Gordon Strachan's temporary signing of Georgios Samaras could prove to be a buy one, get one free offer. The Greek striker made an eye-catching debut in the 5-1 demolition of a dispirited, dilapidated Kilmarnock; as much for his luminous orange boots as his dazzling goal.

Yet it was the casual figure of Jan Vennegoor of Hesselink who stole the show, even after Scott McDonald crossed the 20-goal threshold in his player-of-the-year season. Vennegoor of Hesselink did not so much react to Samaras's loan signing as reawaken. This hitherto dormant Dutchman offered a timely reminder of the capabilities that prompted Celtic to spend £3.6m on him when the rest of Europe's elite window-shopped the enigmatic former PSV Eindhoven striker.

The arrival of Samaras coincided with Vennegoor of Hesselink's return to the international squad for this week's Euro 2008 tune-up friendly against Croatia in Split. It can only be assumed Marco van Basten based his inclusion on past performances rather than recent form.

Vennegoor of Hesselink has been pilloried for his part in a seemingly unequal partnership with McDonald; the relative snip from Motherwell who at times this season has worn the burden of a man playing a lone-striking role. His sidekick sprang to life with his position under threat from the imposing and hungry Greek. "My two strikers worked extremely hard today. I put pressure on them to perform and they did," was Strachan's succinct assessment.

Competition for attacking places yielded four of Celtic's quintet. Strachan may wish the transfer window would have stayed open long enough to provide others, not least Lee Naylor, with similar motivation to perform to their potential.

The case of the floundering Dutchman is intriguing. He arrived to much fanfare and promptly plopped in a goal against Manchester United. In unearthing a more complementary partner than Maciej Zurawski - now consigned to one-season wonder status after his transfer to Larissa - McDonald's arrival has succeeded only in upstaging Vennegoor of Hesselink and exposing what is euphemistically known as economy of effort. He has managed a dozen goals this season almost in spite of himself.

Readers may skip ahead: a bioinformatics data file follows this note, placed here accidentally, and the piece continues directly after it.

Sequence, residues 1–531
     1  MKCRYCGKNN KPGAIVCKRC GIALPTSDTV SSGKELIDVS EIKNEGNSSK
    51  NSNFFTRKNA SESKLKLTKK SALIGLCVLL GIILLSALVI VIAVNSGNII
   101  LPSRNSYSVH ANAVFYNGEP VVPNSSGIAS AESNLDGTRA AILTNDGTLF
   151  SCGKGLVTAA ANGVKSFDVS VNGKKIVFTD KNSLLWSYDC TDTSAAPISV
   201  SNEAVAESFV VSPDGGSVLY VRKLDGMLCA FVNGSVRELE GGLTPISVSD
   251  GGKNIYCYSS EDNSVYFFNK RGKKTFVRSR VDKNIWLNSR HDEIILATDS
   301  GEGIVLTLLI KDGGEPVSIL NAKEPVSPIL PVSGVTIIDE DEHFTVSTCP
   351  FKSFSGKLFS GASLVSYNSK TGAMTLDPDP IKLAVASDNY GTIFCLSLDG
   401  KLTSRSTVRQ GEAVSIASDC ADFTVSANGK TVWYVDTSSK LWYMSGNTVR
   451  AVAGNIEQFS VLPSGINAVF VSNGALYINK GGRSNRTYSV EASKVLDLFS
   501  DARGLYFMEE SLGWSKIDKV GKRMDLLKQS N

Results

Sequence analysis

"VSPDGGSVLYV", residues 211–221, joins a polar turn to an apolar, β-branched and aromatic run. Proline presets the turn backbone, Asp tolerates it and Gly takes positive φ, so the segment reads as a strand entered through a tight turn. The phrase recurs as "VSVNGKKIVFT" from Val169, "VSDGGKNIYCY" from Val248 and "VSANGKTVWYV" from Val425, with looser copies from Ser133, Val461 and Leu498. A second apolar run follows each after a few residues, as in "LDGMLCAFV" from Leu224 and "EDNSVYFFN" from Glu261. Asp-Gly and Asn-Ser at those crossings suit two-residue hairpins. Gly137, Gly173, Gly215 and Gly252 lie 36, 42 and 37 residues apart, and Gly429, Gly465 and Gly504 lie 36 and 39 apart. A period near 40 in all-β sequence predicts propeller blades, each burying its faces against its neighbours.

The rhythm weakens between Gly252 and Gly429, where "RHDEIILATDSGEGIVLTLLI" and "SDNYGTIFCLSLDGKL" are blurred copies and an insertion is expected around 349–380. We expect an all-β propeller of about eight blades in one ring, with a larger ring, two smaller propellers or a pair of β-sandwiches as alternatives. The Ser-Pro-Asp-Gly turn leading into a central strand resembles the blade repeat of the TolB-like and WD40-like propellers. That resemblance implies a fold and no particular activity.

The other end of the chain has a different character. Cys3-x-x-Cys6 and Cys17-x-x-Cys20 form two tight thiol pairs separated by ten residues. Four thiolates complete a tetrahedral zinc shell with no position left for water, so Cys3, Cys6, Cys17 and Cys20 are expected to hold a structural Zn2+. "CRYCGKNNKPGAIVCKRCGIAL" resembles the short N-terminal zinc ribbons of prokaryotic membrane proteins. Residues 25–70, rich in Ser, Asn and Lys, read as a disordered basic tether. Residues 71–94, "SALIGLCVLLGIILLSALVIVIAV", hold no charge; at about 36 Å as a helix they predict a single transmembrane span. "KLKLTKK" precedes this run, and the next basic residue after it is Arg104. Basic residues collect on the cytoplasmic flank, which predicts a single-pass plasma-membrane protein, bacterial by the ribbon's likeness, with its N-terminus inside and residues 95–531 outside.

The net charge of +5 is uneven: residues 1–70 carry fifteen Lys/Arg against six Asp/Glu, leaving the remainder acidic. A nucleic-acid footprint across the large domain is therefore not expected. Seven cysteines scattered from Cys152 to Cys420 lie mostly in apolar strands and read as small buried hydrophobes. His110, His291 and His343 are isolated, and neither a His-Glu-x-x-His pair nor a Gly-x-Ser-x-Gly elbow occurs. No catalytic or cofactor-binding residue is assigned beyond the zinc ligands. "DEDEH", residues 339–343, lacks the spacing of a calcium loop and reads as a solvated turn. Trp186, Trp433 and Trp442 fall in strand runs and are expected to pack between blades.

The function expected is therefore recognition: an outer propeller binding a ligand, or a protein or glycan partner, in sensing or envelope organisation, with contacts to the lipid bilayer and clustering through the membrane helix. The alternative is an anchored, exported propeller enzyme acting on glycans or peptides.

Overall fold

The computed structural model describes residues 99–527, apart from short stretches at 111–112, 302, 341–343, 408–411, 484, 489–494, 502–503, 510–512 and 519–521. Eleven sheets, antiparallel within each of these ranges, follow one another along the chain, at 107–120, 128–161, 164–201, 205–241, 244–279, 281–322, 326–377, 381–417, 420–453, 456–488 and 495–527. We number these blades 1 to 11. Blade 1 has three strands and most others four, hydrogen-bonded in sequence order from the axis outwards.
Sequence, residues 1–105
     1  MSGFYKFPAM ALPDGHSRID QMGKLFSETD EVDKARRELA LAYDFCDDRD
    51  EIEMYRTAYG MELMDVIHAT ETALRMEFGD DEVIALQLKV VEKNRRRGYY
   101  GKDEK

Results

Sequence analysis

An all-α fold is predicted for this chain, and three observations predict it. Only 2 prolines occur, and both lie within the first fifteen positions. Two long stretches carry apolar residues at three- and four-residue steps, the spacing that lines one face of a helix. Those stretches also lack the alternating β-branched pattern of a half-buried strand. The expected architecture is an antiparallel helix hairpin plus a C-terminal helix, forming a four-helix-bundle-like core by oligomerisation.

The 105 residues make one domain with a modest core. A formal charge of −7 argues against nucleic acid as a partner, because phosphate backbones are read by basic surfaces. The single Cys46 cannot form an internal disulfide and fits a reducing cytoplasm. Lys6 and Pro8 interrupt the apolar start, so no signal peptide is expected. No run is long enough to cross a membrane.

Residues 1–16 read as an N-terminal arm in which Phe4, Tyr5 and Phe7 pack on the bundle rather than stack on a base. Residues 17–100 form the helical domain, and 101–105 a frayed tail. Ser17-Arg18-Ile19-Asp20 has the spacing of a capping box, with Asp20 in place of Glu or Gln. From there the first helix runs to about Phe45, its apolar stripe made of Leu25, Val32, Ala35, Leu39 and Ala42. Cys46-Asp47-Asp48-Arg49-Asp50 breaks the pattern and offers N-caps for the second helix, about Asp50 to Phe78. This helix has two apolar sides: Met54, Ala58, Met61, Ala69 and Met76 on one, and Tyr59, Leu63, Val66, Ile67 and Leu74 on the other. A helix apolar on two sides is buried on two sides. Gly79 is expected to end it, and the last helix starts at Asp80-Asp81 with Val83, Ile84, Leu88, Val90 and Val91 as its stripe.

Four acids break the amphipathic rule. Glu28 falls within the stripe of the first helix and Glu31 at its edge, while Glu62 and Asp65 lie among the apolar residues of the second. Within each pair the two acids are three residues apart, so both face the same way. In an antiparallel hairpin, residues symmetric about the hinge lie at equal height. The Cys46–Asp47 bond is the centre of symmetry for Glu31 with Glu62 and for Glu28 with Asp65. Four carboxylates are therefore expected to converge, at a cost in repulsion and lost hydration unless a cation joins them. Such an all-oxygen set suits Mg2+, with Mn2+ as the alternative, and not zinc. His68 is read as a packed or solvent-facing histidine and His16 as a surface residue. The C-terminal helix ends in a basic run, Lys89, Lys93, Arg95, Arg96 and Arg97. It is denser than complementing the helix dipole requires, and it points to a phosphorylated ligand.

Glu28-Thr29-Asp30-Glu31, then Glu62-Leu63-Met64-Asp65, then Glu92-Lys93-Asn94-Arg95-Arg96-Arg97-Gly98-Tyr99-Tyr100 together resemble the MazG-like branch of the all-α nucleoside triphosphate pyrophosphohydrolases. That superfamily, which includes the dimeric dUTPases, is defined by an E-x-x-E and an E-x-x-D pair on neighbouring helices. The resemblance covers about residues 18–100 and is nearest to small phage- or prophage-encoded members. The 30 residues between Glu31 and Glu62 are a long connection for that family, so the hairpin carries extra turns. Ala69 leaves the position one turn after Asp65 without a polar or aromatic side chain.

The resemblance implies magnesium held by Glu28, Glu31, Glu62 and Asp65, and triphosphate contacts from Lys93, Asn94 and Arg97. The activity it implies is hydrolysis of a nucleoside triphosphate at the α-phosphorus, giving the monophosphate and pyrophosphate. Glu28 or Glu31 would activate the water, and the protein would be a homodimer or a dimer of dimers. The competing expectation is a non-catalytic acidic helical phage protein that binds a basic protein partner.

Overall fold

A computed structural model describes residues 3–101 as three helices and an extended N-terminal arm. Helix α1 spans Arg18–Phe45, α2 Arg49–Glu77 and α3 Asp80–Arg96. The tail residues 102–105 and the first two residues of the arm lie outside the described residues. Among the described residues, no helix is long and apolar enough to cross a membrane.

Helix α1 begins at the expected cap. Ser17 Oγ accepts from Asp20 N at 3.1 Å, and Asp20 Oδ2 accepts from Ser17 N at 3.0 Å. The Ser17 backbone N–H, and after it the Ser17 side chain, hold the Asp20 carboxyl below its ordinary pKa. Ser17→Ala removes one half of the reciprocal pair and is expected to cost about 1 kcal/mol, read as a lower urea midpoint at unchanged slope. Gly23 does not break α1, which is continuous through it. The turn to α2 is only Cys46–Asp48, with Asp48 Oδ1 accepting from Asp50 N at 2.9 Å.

Alas, Celtic fans were given a glimpse of the old Vennegoor of Hesselink on Saturday. With Samaras making a scene stealing cameo, the Dutchman in the No.10 jersey marked his territory before being joined by the new No.9. It is inconceivable that McDonald will be sacrificed to accommodate the Greek, and it would defeat the point of the short-term arrangement to keep Manchester City's employee on the bench. The dilemma now for Strachan is whether all three can be accommodated, or whether Vennegoor of Hesselink's contribution on Saturday is sufficient to earn him a reprieve.

Worryingly for a ravaged Kilmarnock side that has lurched to second bottom of the Clydesdale Bank Premier League, Celtic's superiority verged on humiliating. Jamie Hammill, the oldest-looking 23-year-old in the game, was a beacon of hope at a bleak Rugby Park. The harsh financial climate at Kilmarnock has necessitated the sale of Kris Boyd and Steven Naismith in recent years. Colin Nish's move to Hibernian could prove the final straw for a club in qualitative freefall.

Gary Wales worked tirelessly in a 4-3-3 formation that almost instantly became a 4-5-1, yet the former Hearts striker was little more than a fringe man two years ago. Kilmarnock's Spartan resources were highlighted by the rather awkward presence of Martyn Corrigan as the holding central midfielder.

Corrigan was a fine full-back at Falkirk and Motherwell, and made a decent stab at centre-back as time curbed his athleticism. Wholehearted and experienced but a midfielder he is not. Jim Jefferies had no palatable alternative, save for traumatising the thirty-something by assigning him to the rampant young upstart, Aiden McGeady.

Playing central midfield was for his own good. After all, Scott Brown and Massimo Donati have done little to improve their ominous rapport. Donati, in particular, was due a performance. He started competently and receded quickly. Unlike Vennegoor of Hesselink, he has little currency to offer now that Barry Robson can begin his Celtic career after being cup-tied on Saturday.

"The difference in quality was obvious before the game, but when you consider we had five or six players who did not play to their best, we were not going to win," said Jefferies with customary clarity.

The chasm became apparent by the time McDonald opened the scoring after 22 minutes. Paul Caddis made his starting debut for Celtic but any fears were soon alleviated when Willie Gibson wilted badly. The young full-back claimed an early assist with a fine drilled cross that was headed in at the near post by the Australian.

It took a half hour for Celtic to double their advantage, thanks largely to Alan Combe's futile defiance. Shunsuke Nakamura's corner was flicked on by Donati and Gary Caldwell enhanced a fine display with an emphatic header. The third was an act of self-destruction. David Fernandez's ill-considered back pass was intercepted by McGeady, he fed Vennegoor of Hesselink and the striker smashed a left-foot shot past Combe.

Hammill offered faint hope of a comeback but such optimism was short lived. Vennegoor's umpteenth shot of a productive day was blocked but he fed McDonald at the second attempt to tap-in. The Australian was replaced by Samaras and the Greek immediately ingratiated himself by whizzing past a forlorn Simon Ford to shoot home handsomely.